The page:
At the southern tip of Vancouver Island sits Victoria, a small city majestically surrounded by Pacific Ocean, misty mountains and seemingly endless sky. Its beauty, temperate climate and wealth of easily available adventures on both land and sea make it a utopia for outdoor enthusiasts.
If you’re looking for fresh-air activities but also relish cosmopolitan pleasures of the more earthly sort, balanced Victoria offers plenty of both. Its compact dimensions means you can be immersed in crisp green landscapes just minutes from downtown. Hike, bike or kayak by day and dine on luscious farm-to-table cuisine at night. With one of the highest densities of restaurants in Canada, you’ll have plenty of edible options.
Gowlland Tod Provincial Park’s 25 kilometers of trails provide spectacular visual payoffs just minutes from the city center. The moss-covered knolls present a velvety carpet of lushness, setting off vibrant seasonal wildflowers. Douglas firs, grassy meadows and old-growth forest will nourish those in need of a visual infusion of nature’s bounty. Choose a trail that culminates with a view of Finlayson Arm, a majestic fjord.
Consider a guided hike with Mark Vukobrat, owner and operator of Hike Victoria. He knows this area like the back of his hand and will help to select a hike that suits you to a tee. Mark will pick you up at your hotel and you’ll soon be submerged in world-class scenery. He provides healthy snacks, water and even expertly photographs the experience.
Victoria’s abundant waterways offer some of the best kayaking and canoeing that you’ll find in any North American city. Book a trip with Ocean River Sports and you’ll paddle amidst spectacular scenery and wildlife.
Spot gray, humpback and minke whales just off shore when you take a whale-watching cruise. With three pods of orcas living in Victoria’s waters, you’ve got an excellent chance of glimpsing these incredible marine mammals. Book a cruise with Eagle Wing Tours, Canada’s first carbon neutral whale watching tour.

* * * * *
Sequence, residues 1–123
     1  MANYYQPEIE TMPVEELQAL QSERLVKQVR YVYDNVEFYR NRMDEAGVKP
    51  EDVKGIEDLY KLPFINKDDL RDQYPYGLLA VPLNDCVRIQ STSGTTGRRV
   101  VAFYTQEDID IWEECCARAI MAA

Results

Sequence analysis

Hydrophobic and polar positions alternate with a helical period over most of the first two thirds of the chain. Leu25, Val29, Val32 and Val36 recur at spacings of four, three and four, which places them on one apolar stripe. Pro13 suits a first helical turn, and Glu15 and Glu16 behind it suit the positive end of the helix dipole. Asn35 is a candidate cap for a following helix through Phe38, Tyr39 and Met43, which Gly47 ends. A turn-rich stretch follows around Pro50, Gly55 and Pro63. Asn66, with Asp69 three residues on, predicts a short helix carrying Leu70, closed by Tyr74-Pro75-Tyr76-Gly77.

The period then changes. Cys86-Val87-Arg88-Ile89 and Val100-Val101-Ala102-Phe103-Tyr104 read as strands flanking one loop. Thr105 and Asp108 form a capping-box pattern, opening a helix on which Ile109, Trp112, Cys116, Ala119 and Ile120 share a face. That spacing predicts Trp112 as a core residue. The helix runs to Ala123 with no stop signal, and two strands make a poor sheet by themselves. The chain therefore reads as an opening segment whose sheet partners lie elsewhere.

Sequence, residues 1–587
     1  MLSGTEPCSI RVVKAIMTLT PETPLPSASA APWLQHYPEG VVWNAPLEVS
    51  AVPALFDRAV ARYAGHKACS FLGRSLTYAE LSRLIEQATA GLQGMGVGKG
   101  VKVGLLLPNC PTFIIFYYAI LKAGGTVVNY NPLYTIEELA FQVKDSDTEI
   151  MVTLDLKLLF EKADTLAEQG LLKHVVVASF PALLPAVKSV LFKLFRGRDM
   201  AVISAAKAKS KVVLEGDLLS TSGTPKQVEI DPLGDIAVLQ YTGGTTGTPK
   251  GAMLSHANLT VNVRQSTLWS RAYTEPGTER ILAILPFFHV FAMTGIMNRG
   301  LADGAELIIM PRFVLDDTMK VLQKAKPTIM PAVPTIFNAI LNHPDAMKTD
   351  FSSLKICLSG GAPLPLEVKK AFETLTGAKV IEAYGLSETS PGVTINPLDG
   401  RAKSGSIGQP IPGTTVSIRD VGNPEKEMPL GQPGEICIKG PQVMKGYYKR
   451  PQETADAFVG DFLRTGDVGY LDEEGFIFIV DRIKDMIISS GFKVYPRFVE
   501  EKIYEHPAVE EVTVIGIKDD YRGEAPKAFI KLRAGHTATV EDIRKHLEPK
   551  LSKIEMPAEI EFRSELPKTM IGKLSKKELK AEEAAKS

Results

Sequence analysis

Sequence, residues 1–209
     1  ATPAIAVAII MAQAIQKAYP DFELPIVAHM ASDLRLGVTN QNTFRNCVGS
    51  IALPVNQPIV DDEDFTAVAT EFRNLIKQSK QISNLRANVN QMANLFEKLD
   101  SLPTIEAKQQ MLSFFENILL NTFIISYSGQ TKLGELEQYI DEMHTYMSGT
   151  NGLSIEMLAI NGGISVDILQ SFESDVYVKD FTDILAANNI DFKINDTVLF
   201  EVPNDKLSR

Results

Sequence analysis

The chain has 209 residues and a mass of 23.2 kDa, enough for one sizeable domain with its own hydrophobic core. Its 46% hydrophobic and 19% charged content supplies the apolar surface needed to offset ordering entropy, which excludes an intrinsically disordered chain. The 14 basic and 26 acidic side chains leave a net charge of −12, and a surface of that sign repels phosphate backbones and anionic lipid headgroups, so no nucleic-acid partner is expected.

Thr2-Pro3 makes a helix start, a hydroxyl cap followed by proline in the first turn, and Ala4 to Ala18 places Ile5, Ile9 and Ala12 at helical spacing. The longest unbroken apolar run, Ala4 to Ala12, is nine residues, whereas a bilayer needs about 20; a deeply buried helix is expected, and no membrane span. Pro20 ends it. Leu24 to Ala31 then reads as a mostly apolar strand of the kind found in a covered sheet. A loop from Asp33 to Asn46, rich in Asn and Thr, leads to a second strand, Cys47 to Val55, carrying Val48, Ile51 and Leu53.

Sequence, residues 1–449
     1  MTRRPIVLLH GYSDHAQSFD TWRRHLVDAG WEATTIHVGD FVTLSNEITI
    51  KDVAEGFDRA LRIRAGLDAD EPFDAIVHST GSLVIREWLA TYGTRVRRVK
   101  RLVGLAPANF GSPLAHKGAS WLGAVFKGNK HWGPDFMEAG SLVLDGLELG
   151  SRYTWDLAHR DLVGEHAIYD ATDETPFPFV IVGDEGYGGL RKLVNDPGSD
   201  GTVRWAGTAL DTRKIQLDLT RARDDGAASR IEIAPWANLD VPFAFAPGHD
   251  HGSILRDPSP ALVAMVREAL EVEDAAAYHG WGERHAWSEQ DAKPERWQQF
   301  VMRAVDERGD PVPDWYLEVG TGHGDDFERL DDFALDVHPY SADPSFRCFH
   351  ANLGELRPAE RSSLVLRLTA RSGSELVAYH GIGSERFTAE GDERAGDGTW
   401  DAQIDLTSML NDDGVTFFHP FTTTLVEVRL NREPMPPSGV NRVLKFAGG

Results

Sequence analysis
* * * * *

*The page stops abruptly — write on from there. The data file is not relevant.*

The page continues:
Victoria’s seafront location and proximity to prolific farmland provides a windfall of fresh ingredients and plenty of options for those who gravitate towards clean eating.
OLO expands on the locavore concept in a thoroughly delicious way. The kitchen overflows with Vancouver Island-raised beef, fish from local waters and just-picked produce from British Columbia farms.
The island’s terrain nourishes an eclectic mix of grapes, including pinot gris, pinot noir and Ortega. Passionate producers make this area a true find for wine aficionados, and OLO provides ample opportunity to sample the local vino.
Tease your appetite with crispy fried semolina cubes, perhaps paired with a gin cocktail made with one of the island’s numerous local gins. If you’re a fan of the fermented, try the kitchen’s tasty selection of fermented veggies. Made-in house pastas are the ethereal essence of Italy. Service is so warm and friendly, you may feel the urge to ask your waiter to sit down and join you.
Just steps from Victoria’s picturesque harbor, the family owned Magnolia Hotel & Spa entices with its unbeatable location and welcoming service. If staying at an eco-aware establishment is important to you, the Magnolia has earned 4 Green Keys under the stringent Green Key Eco-Rating Program.
The lobby has just been refurbished and the 24-hour complimentary coffee service encourages caffeine-craving guests to relax in convivial company day or night. Rooms are a decadent treat complete with large soaking tubs, live orchids and high-quality linens topping comfy beds.
Victoria is considered a Canadian cycling capital. For active visitors, the Magnolia’s ten new loaner bikes are available on a first come, first served basis. They provide guests with detailed bike maps, so get ready to pedal.
Head to Chinatown and savor a vegetarian afternoon tea at Venus Sophia. The owners take pride in each delicate teaspoon and lacy napkin, so expect an experience that is beautiful and delicious.
Photo credits: Mark Vukrobrat / Hike Victoria, Marisa Cuglietta, Magnolia Hotel, OLO, Tourism Victoria and the author